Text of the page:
Sunday, December 12, 2010

Budding Vegan

A year before Summy was born, I read about being vegan for the first time. A vegan is a very strict vegetarian. Not only does a vegan not eat meat, but s/he also avoids eggs, dairy products, honey, etc. A vegan tries to be non-cruel in every way possible - no leather, no fur, no silk, and so on. S/he is, in general, an annoying, righteous, guilt-inducing, pain in the neck.

After that, I stayed away from milk, cheese, pizza, eggs for a few months. I stopped buying leather shoes and purses, and silk clothes. Slowly, I returned to eating pizza and eggs again, because I craved these things.

Summy has always been a careful and suspicious vegetarian. But slowly, she is growing past me. Last year, we had a discussion about eggs and how egg-laying hens are treated, and then she decided to stay away from them. So of course, I have to stay away from them too.

Now she has taken this further, and refuses to eat things like cakes that have egg in them. The green dot that is on snack packages in India helps her decide what's okay and what's not. Whereas, I have never considered egg in cakes and waffles and things, to be actually egg, somehow. Now I have to stay away from those too, now.

And then, she started to think about leather. I always bought her non-leather shoes, but this year we got her uniform shoes from the school, and apparently they are leather. She was upset about this. I've been looking for a purse, and it's hard to find one that's not leather in India.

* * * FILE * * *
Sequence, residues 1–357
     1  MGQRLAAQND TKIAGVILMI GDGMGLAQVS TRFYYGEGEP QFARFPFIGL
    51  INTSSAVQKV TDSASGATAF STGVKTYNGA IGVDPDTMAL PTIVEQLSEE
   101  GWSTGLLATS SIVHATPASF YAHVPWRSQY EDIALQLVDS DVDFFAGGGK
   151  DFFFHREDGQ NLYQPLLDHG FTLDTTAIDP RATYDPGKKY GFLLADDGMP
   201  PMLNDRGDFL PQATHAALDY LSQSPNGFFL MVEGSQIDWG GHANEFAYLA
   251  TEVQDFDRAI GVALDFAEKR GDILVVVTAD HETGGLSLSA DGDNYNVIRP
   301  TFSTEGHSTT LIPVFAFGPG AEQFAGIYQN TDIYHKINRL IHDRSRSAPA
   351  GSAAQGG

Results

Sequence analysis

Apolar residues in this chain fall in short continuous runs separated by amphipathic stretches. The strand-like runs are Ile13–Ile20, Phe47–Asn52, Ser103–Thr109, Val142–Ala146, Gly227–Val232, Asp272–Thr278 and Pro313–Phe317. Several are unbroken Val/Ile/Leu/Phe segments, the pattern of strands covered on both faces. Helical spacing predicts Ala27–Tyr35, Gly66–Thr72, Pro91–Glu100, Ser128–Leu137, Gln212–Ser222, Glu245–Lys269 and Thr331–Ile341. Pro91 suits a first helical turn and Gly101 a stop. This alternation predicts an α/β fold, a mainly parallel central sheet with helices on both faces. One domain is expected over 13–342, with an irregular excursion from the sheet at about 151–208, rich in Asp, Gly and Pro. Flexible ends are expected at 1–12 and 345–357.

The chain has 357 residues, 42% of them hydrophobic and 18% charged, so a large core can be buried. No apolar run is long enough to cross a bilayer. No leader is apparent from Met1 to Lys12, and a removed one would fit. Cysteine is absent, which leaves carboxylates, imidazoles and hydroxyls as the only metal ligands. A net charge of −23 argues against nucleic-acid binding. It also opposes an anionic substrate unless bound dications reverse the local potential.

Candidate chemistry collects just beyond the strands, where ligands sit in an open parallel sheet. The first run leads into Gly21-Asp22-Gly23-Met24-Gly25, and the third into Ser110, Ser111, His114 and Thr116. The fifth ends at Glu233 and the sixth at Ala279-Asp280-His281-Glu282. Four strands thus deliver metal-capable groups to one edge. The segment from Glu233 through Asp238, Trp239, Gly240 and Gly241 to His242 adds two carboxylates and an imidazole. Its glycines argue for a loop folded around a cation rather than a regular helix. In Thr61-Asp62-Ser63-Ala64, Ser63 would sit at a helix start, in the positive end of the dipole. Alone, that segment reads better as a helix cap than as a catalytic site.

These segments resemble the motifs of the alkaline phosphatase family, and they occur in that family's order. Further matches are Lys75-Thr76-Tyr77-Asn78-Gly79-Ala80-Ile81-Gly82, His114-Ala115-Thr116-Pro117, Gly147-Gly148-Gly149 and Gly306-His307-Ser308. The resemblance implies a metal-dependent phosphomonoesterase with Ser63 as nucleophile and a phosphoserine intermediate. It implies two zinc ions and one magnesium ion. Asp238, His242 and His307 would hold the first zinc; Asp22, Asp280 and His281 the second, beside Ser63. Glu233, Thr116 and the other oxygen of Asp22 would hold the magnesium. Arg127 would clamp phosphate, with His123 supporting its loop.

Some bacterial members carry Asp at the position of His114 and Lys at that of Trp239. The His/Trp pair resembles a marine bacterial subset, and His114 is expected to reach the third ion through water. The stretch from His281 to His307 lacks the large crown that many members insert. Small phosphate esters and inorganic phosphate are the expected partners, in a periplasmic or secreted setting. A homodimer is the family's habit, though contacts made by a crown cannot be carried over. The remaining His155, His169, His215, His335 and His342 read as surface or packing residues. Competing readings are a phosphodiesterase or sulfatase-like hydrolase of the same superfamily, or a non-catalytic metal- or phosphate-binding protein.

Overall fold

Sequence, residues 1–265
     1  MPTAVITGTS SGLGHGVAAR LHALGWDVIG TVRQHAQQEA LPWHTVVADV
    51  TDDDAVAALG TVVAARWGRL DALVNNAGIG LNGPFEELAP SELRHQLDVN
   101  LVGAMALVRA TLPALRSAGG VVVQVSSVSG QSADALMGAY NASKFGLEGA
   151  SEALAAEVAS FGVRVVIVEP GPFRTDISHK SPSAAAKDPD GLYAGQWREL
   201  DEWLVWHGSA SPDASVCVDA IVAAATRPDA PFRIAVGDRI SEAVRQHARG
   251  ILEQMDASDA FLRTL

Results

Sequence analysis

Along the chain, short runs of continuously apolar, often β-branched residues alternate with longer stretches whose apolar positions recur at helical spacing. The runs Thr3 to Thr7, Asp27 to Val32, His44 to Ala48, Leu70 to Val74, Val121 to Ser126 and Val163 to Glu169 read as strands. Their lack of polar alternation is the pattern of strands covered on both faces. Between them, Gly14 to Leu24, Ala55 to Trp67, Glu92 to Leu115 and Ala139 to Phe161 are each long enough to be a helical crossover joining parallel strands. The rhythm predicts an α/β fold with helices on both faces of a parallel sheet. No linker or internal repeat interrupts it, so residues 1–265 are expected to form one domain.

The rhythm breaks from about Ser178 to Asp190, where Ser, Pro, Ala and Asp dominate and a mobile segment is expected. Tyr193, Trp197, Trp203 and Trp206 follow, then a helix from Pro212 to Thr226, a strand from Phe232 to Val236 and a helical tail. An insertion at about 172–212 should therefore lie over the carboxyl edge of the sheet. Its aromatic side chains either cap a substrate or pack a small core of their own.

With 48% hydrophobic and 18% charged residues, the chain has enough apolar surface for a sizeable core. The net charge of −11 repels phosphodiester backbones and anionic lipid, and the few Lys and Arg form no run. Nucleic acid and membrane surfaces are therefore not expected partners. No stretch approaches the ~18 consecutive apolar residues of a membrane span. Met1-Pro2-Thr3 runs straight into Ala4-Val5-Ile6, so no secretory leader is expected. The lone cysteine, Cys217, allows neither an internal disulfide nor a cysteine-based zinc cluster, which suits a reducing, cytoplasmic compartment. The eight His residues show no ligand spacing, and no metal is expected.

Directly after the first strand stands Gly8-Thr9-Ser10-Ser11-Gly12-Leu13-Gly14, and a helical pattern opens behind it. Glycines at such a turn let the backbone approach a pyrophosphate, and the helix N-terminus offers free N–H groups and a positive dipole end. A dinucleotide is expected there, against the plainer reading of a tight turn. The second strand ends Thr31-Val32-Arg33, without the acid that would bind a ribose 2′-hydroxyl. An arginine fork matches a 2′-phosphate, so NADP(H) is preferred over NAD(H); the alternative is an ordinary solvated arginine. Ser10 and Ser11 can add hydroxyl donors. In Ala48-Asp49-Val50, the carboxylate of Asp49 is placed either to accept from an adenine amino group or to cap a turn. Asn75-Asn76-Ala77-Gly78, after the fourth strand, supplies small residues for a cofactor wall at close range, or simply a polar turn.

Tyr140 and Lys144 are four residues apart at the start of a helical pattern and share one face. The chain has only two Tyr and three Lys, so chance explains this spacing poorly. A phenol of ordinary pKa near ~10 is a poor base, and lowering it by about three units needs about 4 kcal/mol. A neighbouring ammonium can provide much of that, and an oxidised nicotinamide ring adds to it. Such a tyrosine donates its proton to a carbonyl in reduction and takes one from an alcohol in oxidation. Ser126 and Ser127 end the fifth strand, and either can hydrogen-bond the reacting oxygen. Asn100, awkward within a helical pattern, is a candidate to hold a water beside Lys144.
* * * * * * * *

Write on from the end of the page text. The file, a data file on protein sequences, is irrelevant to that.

It goes like this: I ask the store clerk: "Is this a leather bag?" And they say proudly, "Yes, 100% leather." "Well, " I say, "I want a bag that's not leather. Do you have any?". And they give me a strange look, randomly pick a bag, and say, "This one is synthetic." Riiiiiight, sure it is. There are no tags that say "leather" or "man-made material", like there are back in the US. So I'm tempted to just pick any bag, but I have these two huge watchful and disapproving eyes looking at me (in my mind, even if Summy is not actually present).

The other day, she came back from school with a horrified expression on her face, and said, "I know how silk is made. I don't ever want to see silk again." Science class taught her how the cocoons, with the silk worms in them, are put into hot water. So I can't buy silk, but thank goodness that one's easy. I've never been fond of it.

I wonder if all this is something that she will grow out of, or something that will stick. But I'm hoping for the latter. I would proudly put up with an annoying, righteous, guilt-inducing pain in the neck.

No comments: